Avoid driving on your commute
This is not always easy in Ireland, especially if you live in a rural area. If you can, try not to take the car too often and only choose to drive if you have no other options. Taking public transport is a good alternative, but if you can, try walking or cycling – this is the healthier option too!
If you’re buying a car, think of buying an electric. If there are no electric charging points in your area, lobby your local government for more points.
The way we use energy at home makes a big contribution towards our carbon footprint, and a lot of the energy we’re consuming is happening when we’re not even doing anything. Small steps like using energy efficient light bulbs and switching the lights off when you don’t need them can make a difference.
Unplug your appliances
Even though you’re not using it, simply having an appliance plugged in is consuming energy. Although it may not seem like that big a deal if your TV or microwave is using a small amount of energy during the day, when you consider all of the appliances you have plugged in all year long, it can add up to a lot. Try to unplug appliances after using them, especially overnight or if you’re going away for a few days.
Fill your dishwasher
Try to avoid running the dishwasher too often in order to save on energy. Instead, only run the dishwasher once it’s completely full. If your dishwasher has an energy efficiency setting, use that whenever you are running it.
As with the dishwasher, try to only run your washing machine when you have a full load. Doing a half load wastes both water and energy, and a lot of items that we send to the washing machine could actually be washed by hand, especially if you just want to freshen it up. Make use of energy efficiency settings on your washing machine.
It’s also best to avoid using a dryer and always hang-dry your laundry. This helps to save energy and money, since you won’t be paying for the energy needed to run the dryer. If you are using a dryer, make sure to clean the lint filter after each use and throw it in the bin – lint cannot be recycled or composted, because a lot of our clothing is made using plastic fibres.
Use less water
If you’re in the habit of taking long showers or leaving the tap running when you’re not actually at the sink, it might be a good idea to try and change some of these habits. When you’re brushing your teeth, turn off the tap when you don’t need it. Try and take shorter showers, and switch off the water when you’re doing things like using shower gel or shampooing or conditioning, that way you’ll only be using the water you need.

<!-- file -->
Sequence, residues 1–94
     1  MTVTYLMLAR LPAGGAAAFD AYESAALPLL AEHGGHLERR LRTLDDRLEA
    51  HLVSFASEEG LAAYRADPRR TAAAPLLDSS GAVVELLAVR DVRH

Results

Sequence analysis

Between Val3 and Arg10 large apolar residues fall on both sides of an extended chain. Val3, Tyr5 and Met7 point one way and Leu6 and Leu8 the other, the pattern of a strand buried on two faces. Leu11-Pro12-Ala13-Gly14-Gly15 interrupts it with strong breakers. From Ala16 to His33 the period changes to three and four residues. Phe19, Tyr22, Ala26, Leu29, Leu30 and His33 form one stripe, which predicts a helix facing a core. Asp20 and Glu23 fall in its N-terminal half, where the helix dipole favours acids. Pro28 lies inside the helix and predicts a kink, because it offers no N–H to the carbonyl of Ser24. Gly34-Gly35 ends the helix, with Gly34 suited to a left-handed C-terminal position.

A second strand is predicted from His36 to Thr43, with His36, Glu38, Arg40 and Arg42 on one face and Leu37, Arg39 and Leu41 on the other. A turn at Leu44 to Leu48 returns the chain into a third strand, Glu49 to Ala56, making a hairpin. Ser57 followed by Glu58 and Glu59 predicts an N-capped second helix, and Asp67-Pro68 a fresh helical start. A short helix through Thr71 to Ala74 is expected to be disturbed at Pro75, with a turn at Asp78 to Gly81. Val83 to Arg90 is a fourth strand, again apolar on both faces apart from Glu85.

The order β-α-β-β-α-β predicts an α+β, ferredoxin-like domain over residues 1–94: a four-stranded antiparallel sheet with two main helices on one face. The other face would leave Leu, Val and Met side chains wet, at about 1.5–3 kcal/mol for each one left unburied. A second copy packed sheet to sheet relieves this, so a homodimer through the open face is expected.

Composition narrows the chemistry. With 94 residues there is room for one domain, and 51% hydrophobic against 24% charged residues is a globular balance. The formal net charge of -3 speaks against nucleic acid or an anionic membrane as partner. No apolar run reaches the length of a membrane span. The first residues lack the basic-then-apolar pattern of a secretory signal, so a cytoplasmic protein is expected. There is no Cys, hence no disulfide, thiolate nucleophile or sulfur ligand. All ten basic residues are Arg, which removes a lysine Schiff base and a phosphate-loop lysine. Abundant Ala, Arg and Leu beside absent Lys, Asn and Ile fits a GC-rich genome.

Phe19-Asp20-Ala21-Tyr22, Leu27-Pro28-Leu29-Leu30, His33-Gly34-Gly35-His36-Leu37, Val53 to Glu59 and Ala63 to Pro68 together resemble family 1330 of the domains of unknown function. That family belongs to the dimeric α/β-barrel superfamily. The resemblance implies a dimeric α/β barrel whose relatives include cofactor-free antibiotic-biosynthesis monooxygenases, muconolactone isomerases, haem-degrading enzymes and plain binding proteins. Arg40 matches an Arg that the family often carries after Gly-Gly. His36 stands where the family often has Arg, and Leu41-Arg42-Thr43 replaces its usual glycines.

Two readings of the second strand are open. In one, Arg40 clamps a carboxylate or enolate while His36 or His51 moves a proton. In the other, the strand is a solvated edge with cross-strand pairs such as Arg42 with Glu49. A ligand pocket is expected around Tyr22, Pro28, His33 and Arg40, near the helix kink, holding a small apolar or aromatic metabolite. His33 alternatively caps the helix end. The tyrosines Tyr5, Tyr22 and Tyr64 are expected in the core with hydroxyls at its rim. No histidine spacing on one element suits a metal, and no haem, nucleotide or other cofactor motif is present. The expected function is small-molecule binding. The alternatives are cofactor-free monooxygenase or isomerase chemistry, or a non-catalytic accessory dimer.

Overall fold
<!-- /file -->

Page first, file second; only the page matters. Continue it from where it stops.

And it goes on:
Your clothes and the environment
Our clothes can have a major impact on the environment, and the process of making them can result in a huge amount of pollution and carbon emissions. ‘Fast fashion’, which includes clothes from stores like Penneys or H&M, is one of the biggest culprits. When clothing lines are constantly changing, and we’re constantly buying, our carbon footprint gets bigger and bigger.
The best thing you can do is buy clothes and other items less often. If you have an event coming up and you’re tempted to buy something new to wear, consider borrowing from a friend or someone you live with instead, especially if there’s a chance you’re only going to wear the outfit once.
Buying second hand
If you do want to buy something, try to get it second hand first by looking in charity shops or searching online. If you want it, there’s a good chance someone else is trying to sell it. There are also more and more clothing swaps appearing around the country, where you bring clothes you no longer want to wear and swap them with clothes that someone else has brought. Looking out for events like these and always trying to go second hand first is a great way to save money and have a positive impact on the environment at the same time.
It might seem like a challenge to reduce your impact and lower your carbon footprint, but if you take it one step at a time and continue to make positive changes, you can make a difference.
Demanding meaningful change
While individual efforts to cut back on emissions can make a difference, it is important to remember that you are not personally responsible for reversing climate change and its impacts. Decisions made by governments and industry leaders have led us to the situation we are currently in. If we want to limit global warming, we need significant and meaningful changes to be made to laws and business practices worldwide. Governments have the power to bring in laws that require companies and communities to help rather than harm our planet. If you are worried about climate change, you can lobby your politicians and demand that they take action on this issue.
Learning about climate change can be very overwhelming. If you are worried about climate change, it is important to know that there is support available. Find out more about what to do if you’re experiencing climate anxiety.